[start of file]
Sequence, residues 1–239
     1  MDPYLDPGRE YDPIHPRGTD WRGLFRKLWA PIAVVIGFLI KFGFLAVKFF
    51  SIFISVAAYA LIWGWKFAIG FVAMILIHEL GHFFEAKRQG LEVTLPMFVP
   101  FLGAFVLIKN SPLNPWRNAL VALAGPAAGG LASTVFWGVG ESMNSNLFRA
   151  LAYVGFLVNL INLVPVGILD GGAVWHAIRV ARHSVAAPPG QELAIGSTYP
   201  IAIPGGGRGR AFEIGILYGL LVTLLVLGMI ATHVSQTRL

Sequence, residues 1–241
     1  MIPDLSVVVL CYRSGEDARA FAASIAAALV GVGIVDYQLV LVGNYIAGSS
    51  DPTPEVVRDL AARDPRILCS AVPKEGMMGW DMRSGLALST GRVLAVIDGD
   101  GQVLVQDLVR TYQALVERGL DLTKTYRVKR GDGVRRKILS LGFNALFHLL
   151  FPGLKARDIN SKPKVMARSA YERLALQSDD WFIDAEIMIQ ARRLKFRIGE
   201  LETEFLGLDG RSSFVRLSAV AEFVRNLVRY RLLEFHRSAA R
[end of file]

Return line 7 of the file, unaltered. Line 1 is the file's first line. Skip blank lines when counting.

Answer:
Sequence, residues 1–241